Bleeding brakes - new rear calipers and new flexible hoses

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John Cousins
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Bleeding brakes - new rear calipers and new flexible hoses

Having issues bleeding the standard brakes on my 2005 s3 Roadsport. I replaced the rear discs and calipers and fitted flexible rear brakes hoses. Used an eezibleed kit. Pedal is not firm. A short test drive confirmed the brake pedal is too soft. A little research suggests I could try removing the calipers from the ears and lift higher than the reservoir (using a piece of wood between the pads). I also have a rubber mallet for some gentle tapping. Any other suggestions appreciated.

James B
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I think you're on the right lines - you need to ensure that the potential air trap/void and nipple are positioned as the highest point (not heard that you'd have to raise them above the master cylinder, though).

There's also a handbrake element to this, IIRC.  Something like adjust it at the two adjusters and then cycle the handbrake mechanism (using the handbrake lever) fairly robustly 4 or 5 times.  The readjust the handbrake at the adjusters, then final check for bleed/air.  That does all sound a bit flaky so maybe someone else will substantiate it in general terms - and hopefully correct any inaccuracies.

James

 

Geoff Brown
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JB - As long as the caliper pistons have been bedded using the pedal before adjusting & working the hand brake........

John Cousins
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Thanks. I did originally bleed the brakes, operate the brake pedal, adjust the handbrake and then operate the handbrake which is set at three clicks. I will try a few handbrake cycles and proceed from there....

James B
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Ah - thanks Geoff; bed the pads against the disc using the pedal (firmly) before yanking the handbrake on and off a few times. I was nearly there! Wobble

James

SM25T
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Don't need to raise calipers above M/C.
aerobod
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Just undoing the caliper slide bolt nearest to the bleed screw and rotating the bleed screw end of the caliper upwards is all that is needed, in my experience. Enough of the pads still contact the rotor to prevent the piston being pushed out, but the bleed screw is high enough to expel any air.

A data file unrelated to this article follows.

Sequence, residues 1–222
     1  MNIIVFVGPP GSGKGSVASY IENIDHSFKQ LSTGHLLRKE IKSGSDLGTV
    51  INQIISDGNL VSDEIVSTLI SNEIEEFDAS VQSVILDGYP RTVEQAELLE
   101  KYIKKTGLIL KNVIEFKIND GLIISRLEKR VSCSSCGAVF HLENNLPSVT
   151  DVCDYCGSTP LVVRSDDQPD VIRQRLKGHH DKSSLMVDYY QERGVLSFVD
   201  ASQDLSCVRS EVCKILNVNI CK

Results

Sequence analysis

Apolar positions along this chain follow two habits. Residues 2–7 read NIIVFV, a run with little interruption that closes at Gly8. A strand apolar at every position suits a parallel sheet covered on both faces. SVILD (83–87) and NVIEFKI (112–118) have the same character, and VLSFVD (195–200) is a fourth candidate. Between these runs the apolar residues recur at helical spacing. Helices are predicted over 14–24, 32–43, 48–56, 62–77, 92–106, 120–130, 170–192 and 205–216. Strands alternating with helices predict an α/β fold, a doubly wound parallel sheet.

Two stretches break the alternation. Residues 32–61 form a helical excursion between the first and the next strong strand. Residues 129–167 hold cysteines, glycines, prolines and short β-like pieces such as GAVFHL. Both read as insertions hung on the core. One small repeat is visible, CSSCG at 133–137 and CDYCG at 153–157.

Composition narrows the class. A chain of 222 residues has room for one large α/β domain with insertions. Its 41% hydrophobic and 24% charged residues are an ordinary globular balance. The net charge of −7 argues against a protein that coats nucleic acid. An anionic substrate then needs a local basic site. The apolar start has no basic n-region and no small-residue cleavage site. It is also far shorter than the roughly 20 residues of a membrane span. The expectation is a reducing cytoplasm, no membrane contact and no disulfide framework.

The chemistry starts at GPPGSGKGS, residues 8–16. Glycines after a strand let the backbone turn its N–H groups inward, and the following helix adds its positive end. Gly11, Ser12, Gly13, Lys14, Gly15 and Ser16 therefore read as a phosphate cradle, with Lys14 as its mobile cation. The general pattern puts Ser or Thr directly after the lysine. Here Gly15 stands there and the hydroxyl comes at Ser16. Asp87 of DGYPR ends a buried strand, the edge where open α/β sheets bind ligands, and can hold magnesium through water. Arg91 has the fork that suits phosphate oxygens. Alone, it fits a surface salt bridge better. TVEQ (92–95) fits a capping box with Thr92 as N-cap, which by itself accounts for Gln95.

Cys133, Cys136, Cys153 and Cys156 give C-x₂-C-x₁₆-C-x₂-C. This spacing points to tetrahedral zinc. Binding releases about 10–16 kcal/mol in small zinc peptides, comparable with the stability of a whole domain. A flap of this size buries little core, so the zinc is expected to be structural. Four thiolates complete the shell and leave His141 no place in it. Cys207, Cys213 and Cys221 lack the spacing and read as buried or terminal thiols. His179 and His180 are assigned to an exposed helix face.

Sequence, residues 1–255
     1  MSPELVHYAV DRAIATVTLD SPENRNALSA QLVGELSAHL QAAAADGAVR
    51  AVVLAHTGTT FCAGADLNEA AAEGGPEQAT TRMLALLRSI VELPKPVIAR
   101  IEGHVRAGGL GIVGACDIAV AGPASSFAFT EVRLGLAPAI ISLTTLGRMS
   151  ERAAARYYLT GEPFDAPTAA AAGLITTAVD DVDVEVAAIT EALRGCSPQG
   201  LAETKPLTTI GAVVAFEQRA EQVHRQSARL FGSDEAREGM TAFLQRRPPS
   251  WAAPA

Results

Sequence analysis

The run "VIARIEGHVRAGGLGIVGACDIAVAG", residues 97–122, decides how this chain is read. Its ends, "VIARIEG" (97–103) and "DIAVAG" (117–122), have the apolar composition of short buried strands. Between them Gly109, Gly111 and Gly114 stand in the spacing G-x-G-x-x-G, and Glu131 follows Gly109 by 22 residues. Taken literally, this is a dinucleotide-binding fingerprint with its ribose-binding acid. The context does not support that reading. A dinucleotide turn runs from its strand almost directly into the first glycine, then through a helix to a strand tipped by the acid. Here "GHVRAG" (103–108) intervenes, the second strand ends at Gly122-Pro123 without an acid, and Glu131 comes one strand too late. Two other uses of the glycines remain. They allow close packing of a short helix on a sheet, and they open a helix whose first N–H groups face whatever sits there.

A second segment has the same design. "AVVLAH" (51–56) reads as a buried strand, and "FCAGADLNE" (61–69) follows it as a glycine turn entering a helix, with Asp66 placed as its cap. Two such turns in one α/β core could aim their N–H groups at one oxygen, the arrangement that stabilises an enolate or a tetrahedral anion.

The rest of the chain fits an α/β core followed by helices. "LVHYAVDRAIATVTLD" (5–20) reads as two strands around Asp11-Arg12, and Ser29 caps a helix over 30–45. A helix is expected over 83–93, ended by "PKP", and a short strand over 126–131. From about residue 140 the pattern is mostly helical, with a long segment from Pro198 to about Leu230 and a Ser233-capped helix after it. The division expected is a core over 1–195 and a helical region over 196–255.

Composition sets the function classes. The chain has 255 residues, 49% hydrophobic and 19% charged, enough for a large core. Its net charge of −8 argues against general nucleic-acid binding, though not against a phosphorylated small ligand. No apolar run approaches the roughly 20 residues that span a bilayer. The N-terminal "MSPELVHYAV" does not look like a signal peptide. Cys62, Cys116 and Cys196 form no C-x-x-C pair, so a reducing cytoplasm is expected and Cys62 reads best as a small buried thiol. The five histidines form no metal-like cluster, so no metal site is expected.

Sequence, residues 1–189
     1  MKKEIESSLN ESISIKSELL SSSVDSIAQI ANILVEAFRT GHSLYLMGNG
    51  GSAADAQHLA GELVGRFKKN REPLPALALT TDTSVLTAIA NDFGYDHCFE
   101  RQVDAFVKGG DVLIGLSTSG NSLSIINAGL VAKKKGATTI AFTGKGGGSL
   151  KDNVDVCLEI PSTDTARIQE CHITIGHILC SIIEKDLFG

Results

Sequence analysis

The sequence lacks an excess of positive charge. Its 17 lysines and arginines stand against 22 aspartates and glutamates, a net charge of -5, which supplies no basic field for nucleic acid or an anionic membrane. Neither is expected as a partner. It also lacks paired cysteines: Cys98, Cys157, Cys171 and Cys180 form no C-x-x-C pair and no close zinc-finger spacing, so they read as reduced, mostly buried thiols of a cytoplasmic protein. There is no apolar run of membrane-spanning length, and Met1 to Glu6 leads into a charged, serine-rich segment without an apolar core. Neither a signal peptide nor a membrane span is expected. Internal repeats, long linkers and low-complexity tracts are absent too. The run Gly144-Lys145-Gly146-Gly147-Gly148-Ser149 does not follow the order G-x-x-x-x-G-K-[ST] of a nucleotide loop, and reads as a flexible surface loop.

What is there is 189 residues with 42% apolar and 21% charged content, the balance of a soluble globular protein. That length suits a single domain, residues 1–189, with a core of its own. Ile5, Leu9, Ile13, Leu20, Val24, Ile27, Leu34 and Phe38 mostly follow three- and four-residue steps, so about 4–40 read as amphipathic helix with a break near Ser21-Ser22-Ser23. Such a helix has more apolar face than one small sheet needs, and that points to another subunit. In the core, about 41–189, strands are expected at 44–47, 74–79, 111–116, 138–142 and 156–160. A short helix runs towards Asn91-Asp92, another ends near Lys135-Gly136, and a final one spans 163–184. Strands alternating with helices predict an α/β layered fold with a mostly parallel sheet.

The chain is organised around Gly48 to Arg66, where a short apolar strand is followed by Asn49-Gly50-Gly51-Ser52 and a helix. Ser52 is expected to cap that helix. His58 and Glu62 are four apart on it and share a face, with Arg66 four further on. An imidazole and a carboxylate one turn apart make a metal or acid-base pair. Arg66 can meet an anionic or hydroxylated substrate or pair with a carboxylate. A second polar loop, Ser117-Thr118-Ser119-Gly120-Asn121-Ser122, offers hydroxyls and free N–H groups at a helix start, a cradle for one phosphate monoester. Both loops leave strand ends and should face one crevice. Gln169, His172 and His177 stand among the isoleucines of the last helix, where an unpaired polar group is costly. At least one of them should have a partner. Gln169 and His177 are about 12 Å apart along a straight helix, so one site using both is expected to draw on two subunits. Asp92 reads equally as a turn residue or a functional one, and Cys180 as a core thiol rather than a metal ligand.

It is also worthwhile to give the caliper some taps with a nylon mallet while bleeding to dislodge any tiny air bubbles that may be clinging to the caliper walls.

James

Nigel B
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I’d be interested to hear if you reach a conclusion on this John. It’s something I’ve been struggling with recently. 

I had a live axle 7 for years & traded it in for a 2017 420R last year. I wasn’t happy with the brake pedal feel on the 420 from the beginning. I was convinced there must be air in the system, after all I was going from the standard front callipers & master cylinder & 1970s British Leyland rear drums to a modern AP Racing set up, with discs at the rear (albeit, not the ‘big brakes’ uprated set up). 

But despite pumping numerous bottles of brake fluid through the system, the pedal still doesn’t feel as confidence inspiring as my previous car. The brakes do stop the car & it passed it’s MOT last month without any problems, but the pedal still feels a bit mushier than I feel it should. 

I’ve tried the traditional ‘two person’ method, a Gunson Easy Bleed & a vacuum bleeder. I’ve also tried bleeding the rear callipers with the pads removed & the pistons wound back, this method failed to produce any further air bubbles, so I can’t help but feel there isn’t any further air trapped in the rear callipers.

Admittedly the pedal feel has improved quite a bit, in comparison to how it originally felt, but I can’t help feel there’s still room for improvement. I haven’t tried the ‘handbrake wiggle’, so maybe I should give that a go? I did slacken off the handbrake adjuster nut whilst bleeding the rear callipers & then gave the brake pedal a few hard presses before re-adjusting the hand brake.

I hope you manage to sort yours out. Any more ideas would be appreciated!

Cheers!

Nigel.

 

John Cousins
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Thanks for all the advice - I'll feedback on how I get on....